During armed robberies, there would always be two parties: the perpetrator and the victim.
While we always think about the case through the perpetrator’s eyes, I have always wondered about the victim’s perspective.
And no, I’m not referring to the shop; I’m talking about the hijacked employee. The poor guy or gal must have suffered so much – imagine having to face this scary person armed with a weapon, and trying not to faint the whole time while packing cash into a bag.
And what happens after that? Does he or she get traumatized? Will they get affected for life? How does it work exactly?
Something shocking happened in Singapore again, and it’s an armed robbery in Ubi. When I knew about the armed robbery at Western Union, I had one single thought: poor guy/girl.
Here are tens facts about this that you should know.
What Exactly Happened?
A man armed with a knife robbed a Western Union branch.
Not with a piece of paper (remember the Standard Chartered robbery?), but with a real knife.
He supposedly forced an employee of the branch to fork over more than S$2,000 in cash before running away.
The scared female employee started shouting for help, and the landlord of the branch, was who living upstairs heard it and rushed down. By then the culprit had totally disappeared.
The police were alerted at around 10.50 am and investigations have been ongoing since then.
Image: Straits Times Image: Straits Times
Who was involved?
The suspect and the coerced employee are believed to be the only ones involved. Nobody else was inside the branch when the robbery occurred.
Where did it take place?
The Western Union branch’s located at Block 301 Ubi Avenue 1, and that’s where the robbery happened.
Image: JalelahCNA twitter page
When did it take place?
It happened yesterday (1 August 2017), which is a weekday that explains why it’s so quiet. And because it’s the beginning of the month, the place should be crowded soon.
How did it happen?
It’s still unclear how the robbery exactly took place, and we have to wait for police investigations to conclude and the aforementioned employee to speak up before we would know.
Several people, however did speak out about what they know in separate interviews with Straits Times.
According to an employee in Da Zhong Guo bakery, she did not notice any security officers patrolling outside the branch. The patrons tend to be foreign workers (to remit money), and during lunch hours on weekdays when it will get especially crowded.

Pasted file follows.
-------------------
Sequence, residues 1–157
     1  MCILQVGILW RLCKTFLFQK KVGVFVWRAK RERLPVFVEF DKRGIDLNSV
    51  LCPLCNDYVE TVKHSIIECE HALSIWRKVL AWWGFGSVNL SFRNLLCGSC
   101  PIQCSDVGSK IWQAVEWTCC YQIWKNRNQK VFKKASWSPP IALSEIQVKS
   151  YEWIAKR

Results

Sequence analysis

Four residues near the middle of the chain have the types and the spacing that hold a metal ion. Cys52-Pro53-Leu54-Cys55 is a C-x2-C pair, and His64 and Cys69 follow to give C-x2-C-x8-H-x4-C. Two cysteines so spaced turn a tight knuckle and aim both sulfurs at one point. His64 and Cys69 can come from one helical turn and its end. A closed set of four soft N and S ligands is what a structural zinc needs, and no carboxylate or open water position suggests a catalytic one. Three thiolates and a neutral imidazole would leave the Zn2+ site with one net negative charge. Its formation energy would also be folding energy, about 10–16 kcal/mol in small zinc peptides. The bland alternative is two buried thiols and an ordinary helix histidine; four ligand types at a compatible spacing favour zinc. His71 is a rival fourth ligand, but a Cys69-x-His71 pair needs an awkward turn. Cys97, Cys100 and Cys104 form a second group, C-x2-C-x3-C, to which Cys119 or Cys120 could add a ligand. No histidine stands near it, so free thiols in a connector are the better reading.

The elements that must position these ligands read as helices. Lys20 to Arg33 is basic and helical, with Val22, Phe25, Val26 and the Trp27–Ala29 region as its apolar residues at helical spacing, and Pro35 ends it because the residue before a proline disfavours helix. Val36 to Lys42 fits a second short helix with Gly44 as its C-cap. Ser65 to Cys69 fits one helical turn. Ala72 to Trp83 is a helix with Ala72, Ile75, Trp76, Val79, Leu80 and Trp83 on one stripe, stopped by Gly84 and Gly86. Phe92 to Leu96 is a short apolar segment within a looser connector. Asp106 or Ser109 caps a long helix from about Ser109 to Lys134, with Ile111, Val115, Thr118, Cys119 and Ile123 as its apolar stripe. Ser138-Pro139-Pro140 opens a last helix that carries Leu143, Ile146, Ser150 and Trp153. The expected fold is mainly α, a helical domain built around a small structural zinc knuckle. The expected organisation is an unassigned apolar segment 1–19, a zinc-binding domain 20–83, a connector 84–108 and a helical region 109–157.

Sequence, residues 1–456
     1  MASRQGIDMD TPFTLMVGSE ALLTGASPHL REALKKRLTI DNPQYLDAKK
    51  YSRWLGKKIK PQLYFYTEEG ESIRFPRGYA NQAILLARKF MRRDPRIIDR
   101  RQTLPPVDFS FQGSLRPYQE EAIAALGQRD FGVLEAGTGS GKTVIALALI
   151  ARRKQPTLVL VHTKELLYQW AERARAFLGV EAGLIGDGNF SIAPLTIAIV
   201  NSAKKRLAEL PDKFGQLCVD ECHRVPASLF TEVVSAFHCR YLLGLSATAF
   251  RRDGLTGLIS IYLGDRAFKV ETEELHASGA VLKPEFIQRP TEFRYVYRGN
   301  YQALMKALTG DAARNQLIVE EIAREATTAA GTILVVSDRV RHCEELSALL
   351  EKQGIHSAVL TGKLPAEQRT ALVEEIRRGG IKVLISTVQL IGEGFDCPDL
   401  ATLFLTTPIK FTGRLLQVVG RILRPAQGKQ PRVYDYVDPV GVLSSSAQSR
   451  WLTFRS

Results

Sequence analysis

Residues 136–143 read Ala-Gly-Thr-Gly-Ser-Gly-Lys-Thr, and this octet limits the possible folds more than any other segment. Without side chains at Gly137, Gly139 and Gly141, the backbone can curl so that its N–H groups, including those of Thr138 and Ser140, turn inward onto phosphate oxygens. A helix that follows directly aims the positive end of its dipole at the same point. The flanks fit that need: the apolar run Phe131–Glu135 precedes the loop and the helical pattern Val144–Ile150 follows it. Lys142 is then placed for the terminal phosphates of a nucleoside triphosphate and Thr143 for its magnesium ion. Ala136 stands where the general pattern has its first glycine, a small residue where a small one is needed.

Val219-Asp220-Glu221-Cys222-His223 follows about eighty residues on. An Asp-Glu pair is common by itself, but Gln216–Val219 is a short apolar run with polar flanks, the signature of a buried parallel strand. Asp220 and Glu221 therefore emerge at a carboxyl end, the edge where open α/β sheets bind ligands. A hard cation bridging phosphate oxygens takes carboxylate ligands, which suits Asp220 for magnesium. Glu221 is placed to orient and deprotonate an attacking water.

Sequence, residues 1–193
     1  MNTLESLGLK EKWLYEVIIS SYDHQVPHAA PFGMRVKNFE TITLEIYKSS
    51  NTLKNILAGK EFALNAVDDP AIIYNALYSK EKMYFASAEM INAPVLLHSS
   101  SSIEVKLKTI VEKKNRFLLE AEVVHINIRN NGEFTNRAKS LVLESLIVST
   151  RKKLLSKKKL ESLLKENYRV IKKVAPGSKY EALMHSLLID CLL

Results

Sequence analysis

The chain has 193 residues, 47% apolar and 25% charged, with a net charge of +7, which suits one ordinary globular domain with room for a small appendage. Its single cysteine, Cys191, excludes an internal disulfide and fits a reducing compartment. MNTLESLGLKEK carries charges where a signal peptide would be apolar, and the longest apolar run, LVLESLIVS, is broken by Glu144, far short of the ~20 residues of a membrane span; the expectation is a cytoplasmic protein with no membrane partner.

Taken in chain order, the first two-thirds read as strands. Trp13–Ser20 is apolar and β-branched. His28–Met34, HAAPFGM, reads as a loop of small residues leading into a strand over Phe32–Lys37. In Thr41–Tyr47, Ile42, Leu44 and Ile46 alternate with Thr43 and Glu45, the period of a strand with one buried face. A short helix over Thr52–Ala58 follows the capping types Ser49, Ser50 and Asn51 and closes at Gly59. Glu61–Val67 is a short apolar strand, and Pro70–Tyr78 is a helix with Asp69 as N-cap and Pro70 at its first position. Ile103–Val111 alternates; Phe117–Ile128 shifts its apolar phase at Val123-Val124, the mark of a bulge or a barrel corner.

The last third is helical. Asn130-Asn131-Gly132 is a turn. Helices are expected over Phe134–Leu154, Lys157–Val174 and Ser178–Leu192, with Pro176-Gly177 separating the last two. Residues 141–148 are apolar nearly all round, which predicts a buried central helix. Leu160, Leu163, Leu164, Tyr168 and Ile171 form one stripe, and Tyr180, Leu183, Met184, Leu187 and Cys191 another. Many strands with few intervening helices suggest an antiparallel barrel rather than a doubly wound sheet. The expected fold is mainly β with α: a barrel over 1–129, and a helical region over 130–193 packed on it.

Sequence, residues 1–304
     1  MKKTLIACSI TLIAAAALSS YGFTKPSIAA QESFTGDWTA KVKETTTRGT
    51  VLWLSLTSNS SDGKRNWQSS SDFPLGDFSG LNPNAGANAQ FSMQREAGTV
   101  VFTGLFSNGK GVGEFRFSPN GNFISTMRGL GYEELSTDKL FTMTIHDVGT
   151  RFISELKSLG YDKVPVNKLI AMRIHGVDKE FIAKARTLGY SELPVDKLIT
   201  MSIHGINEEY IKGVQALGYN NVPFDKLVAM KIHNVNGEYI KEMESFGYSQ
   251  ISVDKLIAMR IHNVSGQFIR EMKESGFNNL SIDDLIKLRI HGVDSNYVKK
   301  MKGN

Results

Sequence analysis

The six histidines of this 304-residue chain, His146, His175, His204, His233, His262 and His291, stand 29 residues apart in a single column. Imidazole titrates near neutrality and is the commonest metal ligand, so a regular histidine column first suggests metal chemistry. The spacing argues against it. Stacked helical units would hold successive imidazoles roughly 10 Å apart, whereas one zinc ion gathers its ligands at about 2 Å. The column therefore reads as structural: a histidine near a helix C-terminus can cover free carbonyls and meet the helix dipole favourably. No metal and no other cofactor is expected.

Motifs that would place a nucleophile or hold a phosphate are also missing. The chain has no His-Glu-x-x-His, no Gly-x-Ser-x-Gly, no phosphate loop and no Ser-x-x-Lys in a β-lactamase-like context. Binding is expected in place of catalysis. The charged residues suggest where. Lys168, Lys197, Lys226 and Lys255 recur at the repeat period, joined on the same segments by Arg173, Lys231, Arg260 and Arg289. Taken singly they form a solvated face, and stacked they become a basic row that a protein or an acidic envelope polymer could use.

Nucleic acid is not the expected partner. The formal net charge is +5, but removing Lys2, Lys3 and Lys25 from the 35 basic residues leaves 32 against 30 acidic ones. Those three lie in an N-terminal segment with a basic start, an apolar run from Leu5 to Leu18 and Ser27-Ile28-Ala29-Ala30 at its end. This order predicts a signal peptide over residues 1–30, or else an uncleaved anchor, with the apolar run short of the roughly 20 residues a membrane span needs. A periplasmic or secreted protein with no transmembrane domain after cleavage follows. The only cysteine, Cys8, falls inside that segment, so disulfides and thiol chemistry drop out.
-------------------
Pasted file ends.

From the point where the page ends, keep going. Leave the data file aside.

A Chinese physician who’s known only as Mr Lee said that he’s worked in the area for five to six years and the area has always been reasonably safe. Well, to be honest, everywhere in Singapore has always been reasonably safe (maybe except for an area in the north of Singapore).
The robber’s probably done some research before venturing with the heist. Either that or he was just plain lucky. Not for long though.
Western Union’s Response
Western Union has said that they are prioritizing the welfare of the threatened staff member. They have arranged for support onsite and will persist in assisting the staff in the days ahead.
Good guy Western Union! If I could present a Best Welfare Provided By A Company award I would definitely award it to you guys! Kudos!
This was the second robbery in…two days
That’s right! Just one day ago on 31 July 2017, a 48 year-old man robbed a Shell petrol station and made off with more than S$1,100!
The difference? He was arrested on the same day while…
The suspect is still at large
The suspect for this case, however, is still yet to be found, but there’s a description of him out there. He’s said to be tall, and wore a white helmet, black jacket and dark-coloured long trousers at the time of the robbery.
Image: Channel News Asia
The last time such an incident happened
According to Mr Liu, who’s also the owner of a flower shop located right next to the branch, the last time such an incident had happened was 1988. That’s nearly 30 years ago!
But wait, it happened before? Now, that’s even more shocking.
What is Western Union?
For the uninitiated, Western Union is a money transfer leader that offers money transfer services. Many foreign workers in Singapore use its service to remit cash to their family back in their country.
Sometimes, the queue can be so long that one wonders whether they’re selling Hello Kitty soft toys as well.
And now that you know what it is, you should also know they have…erm, lots of cash with them.
With two robberies in as many days, it’s hard not to wonder… Do these people rob because they sense that Singapore’s security is degrading and they can actually pull it off?
Or did they do it because of a lapse in sanity?
And is the robber now in Bangkok?
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This article was first published on goodyfeed.com
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